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President Morsy pardons military detainees

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A pardon greeted with excitement and anger as thousands still languish in military jails.

Egyptian activists shout slogans against military trials and calling for reforms during a march in downtown Cairo on March 27, 2011. (Khaled Desouki/AFP/Getty Images)

President Mohamed Morsy pardoned 572 military detainees held in military prisons Thursday night, following through on a campaign promise that was both greeted with excitement and anger as thousands still languish in military jails.

The news came after the special committee convened by President Morsy to review the cases of civilians facing military trials had sent its first report to the president’s office, recommending the release of 572 prisoners militarily detained.

Of the 572, 523 had been already sentenced with criminal verdicts, while the 47 others had committed misdemeanours. The president’s decision also included reducing the punishment of 16 other detainees; some had their verdicts reduced from life in prison to seven years.

“The president issued a pardon to all the detainees we recommended, excluding none,” Counsellor Mahmoud Fawzy, the official spokesperson of the committee, said. According to Fawzy, the committee was established to look into three main categories: civilians detained by military courts, revolutionaries detained by civilian courts and detainees who are held without any official charges.

“We started by looking into the files of those detained by military courts,” Fawzy said. “We focused on the cases similar to those who have been pardoned before; mainly consisting of detainees who are being tried for crimes which concern governmental institutions rather than other citizens. The crimes included: crippling transportation or possession of weapons.”

Most of those charged and released on Thursday night, were sentenced without proper evidence linking them to crimes.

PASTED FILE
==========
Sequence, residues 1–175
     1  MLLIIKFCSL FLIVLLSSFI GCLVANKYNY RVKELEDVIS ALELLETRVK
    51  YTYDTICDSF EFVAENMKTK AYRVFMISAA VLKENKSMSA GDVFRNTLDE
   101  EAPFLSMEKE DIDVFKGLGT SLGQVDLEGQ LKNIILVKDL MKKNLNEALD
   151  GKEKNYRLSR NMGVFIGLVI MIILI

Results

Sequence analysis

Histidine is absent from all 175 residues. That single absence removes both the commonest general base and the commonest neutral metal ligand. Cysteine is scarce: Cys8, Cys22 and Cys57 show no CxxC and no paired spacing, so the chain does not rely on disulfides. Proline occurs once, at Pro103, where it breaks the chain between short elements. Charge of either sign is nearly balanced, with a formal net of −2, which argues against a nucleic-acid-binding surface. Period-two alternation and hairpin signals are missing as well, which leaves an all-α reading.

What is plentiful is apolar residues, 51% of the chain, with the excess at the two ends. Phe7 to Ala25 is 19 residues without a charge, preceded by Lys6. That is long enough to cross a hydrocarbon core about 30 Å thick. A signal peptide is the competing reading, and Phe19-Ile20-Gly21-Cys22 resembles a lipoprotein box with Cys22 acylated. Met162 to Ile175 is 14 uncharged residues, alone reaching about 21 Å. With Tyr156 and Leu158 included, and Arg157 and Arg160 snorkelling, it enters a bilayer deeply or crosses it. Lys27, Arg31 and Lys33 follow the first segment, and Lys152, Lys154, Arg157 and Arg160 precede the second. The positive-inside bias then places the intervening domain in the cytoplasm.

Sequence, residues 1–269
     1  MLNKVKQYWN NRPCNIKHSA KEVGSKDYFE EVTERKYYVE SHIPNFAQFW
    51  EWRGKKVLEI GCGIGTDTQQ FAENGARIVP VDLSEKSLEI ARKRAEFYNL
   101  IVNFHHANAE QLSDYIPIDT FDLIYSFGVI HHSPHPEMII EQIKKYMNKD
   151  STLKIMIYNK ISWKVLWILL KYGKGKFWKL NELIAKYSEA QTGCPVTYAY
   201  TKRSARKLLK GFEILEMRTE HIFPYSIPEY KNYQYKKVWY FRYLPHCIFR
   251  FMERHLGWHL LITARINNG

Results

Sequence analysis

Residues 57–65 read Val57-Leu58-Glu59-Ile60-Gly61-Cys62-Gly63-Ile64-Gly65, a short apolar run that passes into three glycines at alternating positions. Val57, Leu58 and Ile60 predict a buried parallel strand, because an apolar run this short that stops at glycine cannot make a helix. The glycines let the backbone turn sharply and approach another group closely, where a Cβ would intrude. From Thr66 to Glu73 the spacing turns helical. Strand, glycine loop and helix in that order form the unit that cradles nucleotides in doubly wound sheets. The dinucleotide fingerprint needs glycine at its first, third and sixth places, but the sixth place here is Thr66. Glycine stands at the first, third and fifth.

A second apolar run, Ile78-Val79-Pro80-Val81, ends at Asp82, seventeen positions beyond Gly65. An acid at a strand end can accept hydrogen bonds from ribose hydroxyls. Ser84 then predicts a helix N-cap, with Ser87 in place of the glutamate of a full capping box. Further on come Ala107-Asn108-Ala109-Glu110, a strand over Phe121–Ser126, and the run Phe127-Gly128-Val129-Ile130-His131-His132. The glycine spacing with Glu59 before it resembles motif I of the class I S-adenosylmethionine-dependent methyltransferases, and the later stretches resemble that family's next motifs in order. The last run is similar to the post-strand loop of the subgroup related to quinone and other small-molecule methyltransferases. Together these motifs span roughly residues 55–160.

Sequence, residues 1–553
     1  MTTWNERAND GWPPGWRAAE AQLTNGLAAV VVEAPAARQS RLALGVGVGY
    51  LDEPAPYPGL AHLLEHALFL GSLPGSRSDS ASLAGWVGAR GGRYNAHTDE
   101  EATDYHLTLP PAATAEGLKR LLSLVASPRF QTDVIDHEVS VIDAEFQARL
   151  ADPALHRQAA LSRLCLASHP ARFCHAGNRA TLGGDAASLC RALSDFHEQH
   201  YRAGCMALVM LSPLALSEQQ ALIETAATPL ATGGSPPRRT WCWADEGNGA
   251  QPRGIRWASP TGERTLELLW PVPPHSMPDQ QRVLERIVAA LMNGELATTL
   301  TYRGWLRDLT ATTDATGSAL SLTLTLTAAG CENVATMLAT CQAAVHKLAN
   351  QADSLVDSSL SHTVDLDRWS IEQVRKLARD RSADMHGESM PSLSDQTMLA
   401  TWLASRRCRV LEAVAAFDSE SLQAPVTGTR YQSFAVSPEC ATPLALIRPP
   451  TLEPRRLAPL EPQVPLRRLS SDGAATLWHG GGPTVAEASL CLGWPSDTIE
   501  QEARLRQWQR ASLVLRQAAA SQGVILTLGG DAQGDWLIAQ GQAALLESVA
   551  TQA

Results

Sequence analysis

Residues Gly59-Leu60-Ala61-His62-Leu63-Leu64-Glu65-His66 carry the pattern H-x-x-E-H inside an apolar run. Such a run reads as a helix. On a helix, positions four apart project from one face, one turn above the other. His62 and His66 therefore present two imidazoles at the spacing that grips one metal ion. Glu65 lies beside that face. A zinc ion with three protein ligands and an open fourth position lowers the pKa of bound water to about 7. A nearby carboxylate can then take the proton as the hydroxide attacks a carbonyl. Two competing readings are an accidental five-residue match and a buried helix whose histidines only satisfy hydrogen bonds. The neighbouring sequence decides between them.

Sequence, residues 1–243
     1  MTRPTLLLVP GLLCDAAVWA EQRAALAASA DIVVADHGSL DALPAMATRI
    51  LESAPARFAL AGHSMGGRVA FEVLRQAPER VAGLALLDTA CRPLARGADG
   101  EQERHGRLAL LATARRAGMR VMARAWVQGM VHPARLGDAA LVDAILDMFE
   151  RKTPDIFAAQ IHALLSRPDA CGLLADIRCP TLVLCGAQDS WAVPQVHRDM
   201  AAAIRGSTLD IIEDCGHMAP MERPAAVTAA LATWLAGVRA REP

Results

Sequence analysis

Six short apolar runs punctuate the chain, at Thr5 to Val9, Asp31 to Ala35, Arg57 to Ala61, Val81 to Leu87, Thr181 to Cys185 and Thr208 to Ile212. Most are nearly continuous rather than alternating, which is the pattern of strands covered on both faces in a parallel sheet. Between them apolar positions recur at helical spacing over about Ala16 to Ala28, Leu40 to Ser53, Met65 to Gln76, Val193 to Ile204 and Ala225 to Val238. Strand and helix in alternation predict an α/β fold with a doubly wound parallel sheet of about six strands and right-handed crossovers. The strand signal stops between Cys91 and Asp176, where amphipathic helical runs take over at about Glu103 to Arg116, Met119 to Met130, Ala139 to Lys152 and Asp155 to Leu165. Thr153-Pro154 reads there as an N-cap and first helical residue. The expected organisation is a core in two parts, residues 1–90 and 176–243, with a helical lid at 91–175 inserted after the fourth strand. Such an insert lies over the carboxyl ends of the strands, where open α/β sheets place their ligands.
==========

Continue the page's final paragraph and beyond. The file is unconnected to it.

“Our choice depended mainly on the concept of swift achievement,” Fawzy explained. “We shall launch a report whenever we have enough material to make the release of detainees as rapid as possible.”

Nevertheless, Fawzy repeatedly confirmed that this was all but the first instalment of detainees to be released, confirming that more detainees shall be released soon.

Dr. Amin Al-Mahdi, head of the committee, had announced in the committee’s first press conference last week that it has “good news for the families of those militarily detained.” Al-Mahdi promised that the news would be released during early Ramadan.

The committee had not officially begun reviewing into the files of detainees held without any official charges. Even though the Ministry of Interior as well as the Military Judiciary confirmed that no such detainees exist in prisons since the expiry of the emergency law, the National Council for Human Rights (NCHR) received complaints stating otherwise.

“The council is receiving massive amounts of complaints on a daily basis,” Hany Hussein, media coordinator at the NCHR, said, explaining it was hard proffer an exact number. Hussein said it was well over 300 complaints.

The committee had earlier announced its coordination with NCHR in its press conference held at the NCHR headquarters, citing the council’s experience in dealing with complaints as its main reason.

For its part, No Military Trials movement has decided to wait until the list of names of the detainees to be pardoned is out before issuing an official statement.

“No Military Trials is constantly calling for removing the entire mechanism of military trials altogether,” said Ragia Omran, a prominent member of the movement. “Being detained then receiving presidential pardons is not enough.”

Omran also demanded that the committee respond with more urgency and transparency. “The decision was out Thursday night,” Omran said. “Today is Saturday and we still don’t have the list of detainees to be released.”


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